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Brussels--Six African women artists talk about bodies, sexuality and gender: it's not your everyday show--gathered together in the heart of the bureaucratic capital of Europe--under the rubric Body Talk at the Wiels Center of Contemporary Art. Not only are the works seductively provocative,...

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Marchons! Marchons! For Liberty and Remembrance

(0) Comments | Posted January 12, 2015 | 7:26 AM

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For more than 45 years, I have gone to demonstrations in support of peace and freedom, but never have I seen, felt, or heard anything like today's march in Paris, organized on two days' notice in support of free expression and as...

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Versailles: Gold & Marble Dappled by Death

(0) Comments | Posted January 6, 2015 | 8:14 AM

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What to do with Versailles?

Arguably this great gilded temple to the unforgiveable excess of French royalty out-glitters all its ancien regime competitors. Tapestries. Marbles. Porphyrie. Filigreed furniture. Jewels. Crystal. Parquet meant only for the softest of slippers. If you...

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Coloring Outside the Lines... A Forgotten Modern Master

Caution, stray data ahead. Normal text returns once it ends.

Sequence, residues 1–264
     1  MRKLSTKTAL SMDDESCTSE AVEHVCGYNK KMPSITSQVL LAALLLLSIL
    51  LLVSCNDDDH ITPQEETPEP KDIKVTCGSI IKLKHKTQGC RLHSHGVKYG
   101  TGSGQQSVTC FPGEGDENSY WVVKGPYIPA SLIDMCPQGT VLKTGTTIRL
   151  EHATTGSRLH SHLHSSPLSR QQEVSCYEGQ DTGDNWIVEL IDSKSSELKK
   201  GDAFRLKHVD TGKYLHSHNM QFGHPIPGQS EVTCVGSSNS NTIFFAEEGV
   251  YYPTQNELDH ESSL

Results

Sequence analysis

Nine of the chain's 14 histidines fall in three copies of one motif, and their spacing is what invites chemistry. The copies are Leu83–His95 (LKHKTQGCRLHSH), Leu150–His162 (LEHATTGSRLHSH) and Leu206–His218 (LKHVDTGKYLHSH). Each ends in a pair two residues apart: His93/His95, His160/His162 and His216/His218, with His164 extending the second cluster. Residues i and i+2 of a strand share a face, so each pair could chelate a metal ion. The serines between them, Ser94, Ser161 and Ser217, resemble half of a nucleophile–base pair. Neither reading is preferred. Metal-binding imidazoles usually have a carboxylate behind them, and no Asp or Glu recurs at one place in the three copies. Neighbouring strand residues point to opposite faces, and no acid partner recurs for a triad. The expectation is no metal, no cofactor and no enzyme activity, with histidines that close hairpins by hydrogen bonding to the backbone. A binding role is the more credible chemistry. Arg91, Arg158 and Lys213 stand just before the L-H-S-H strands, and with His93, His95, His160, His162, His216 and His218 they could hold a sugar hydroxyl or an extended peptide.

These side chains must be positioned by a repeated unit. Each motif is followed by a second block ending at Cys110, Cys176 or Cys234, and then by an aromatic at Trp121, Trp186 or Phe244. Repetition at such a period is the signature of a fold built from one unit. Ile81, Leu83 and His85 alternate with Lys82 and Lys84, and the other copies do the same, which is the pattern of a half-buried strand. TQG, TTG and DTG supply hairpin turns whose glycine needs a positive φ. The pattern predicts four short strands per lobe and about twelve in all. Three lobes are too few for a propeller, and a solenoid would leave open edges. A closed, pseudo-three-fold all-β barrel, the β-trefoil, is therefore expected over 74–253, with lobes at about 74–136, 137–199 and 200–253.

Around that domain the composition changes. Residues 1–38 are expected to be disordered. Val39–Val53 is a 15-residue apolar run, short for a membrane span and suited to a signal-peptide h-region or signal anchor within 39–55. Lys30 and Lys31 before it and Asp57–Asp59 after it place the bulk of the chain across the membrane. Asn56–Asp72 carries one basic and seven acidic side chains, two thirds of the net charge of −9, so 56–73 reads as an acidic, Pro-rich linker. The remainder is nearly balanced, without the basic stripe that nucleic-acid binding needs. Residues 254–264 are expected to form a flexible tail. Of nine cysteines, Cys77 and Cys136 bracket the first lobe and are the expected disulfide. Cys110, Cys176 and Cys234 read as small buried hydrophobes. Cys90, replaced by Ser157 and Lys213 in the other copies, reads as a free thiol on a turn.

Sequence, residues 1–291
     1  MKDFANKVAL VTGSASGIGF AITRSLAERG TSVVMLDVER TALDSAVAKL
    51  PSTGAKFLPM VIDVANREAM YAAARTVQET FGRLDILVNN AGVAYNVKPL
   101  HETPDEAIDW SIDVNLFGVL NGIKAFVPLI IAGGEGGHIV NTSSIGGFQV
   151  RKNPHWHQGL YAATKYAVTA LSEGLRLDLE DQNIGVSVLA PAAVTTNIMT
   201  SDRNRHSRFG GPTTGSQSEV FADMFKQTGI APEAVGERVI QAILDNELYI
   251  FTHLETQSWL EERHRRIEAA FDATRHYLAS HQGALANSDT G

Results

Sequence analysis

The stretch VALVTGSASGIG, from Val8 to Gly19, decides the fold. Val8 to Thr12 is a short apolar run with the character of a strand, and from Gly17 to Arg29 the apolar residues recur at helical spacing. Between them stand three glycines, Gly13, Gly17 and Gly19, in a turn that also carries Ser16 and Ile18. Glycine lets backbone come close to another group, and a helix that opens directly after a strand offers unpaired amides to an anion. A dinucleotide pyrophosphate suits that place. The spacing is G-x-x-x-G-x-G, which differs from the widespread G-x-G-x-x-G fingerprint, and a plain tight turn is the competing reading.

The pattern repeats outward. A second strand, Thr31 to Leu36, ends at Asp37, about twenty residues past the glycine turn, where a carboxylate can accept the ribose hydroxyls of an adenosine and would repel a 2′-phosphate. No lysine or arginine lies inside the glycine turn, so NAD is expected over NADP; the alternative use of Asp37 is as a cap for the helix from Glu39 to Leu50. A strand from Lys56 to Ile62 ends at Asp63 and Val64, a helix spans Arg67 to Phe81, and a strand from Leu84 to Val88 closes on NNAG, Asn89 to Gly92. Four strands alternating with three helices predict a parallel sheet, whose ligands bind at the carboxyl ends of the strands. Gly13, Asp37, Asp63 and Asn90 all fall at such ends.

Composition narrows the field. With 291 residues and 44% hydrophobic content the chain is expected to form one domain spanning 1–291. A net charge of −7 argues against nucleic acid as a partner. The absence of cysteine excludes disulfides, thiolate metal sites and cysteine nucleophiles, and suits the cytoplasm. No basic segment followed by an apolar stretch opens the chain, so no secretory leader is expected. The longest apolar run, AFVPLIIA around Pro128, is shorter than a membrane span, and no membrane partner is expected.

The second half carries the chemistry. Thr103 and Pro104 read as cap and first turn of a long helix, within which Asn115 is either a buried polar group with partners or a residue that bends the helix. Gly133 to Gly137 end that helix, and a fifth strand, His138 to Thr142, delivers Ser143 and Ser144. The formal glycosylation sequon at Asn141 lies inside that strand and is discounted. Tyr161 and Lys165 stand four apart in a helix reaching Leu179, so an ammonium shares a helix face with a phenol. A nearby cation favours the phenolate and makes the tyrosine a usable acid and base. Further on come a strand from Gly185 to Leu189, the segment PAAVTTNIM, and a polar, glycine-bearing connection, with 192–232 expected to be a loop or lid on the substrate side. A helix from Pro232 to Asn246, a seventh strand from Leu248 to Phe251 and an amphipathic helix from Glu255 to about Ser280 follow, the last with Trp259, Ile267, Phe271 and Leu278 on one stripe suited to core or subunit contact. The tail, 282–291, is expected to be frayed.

(3) Comments | Posted December 30, 2014 | 5:02 PM

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"Brotherhood of Red and Gray," 1961 Image (c) F.Deval

BORDEAUX, France -- Here on the shortest, darkest day of the year it felt like Spring while the rest of France shivered under frost. Yet inside Bourdeaux's grand Beaux Arts museum, another Spring...

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Sculpture of War's Remembrance

(0) Comments | Posted December 17, 2014 | 3:00 PM

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Photo courtesy of Yann Toma © 2014

Most monuments that commemorate the memory of war dwell on glory--glory won, glory lost, and the sacrifices made by the patriot sons.

As this year ends, a century after the beginning of The Great War...

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She's Beautiful When She's Angry

(2) Comments | Posted December 4, 2014 | 5:51 PM

It was a foggy day in San Francisco when a friend suggested I tag along to a private screening of a new film by a documentary maker I'd never heard of, Mary Dore. The subject: the birth of modern feminism. I was just exiting jet lag, an old friend was...

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Renzo Piano's Fondation Pathé: A Leaping Whale in a Tiny Pool

(0) Comments | Posted September 15, 2014 | 6:28 PM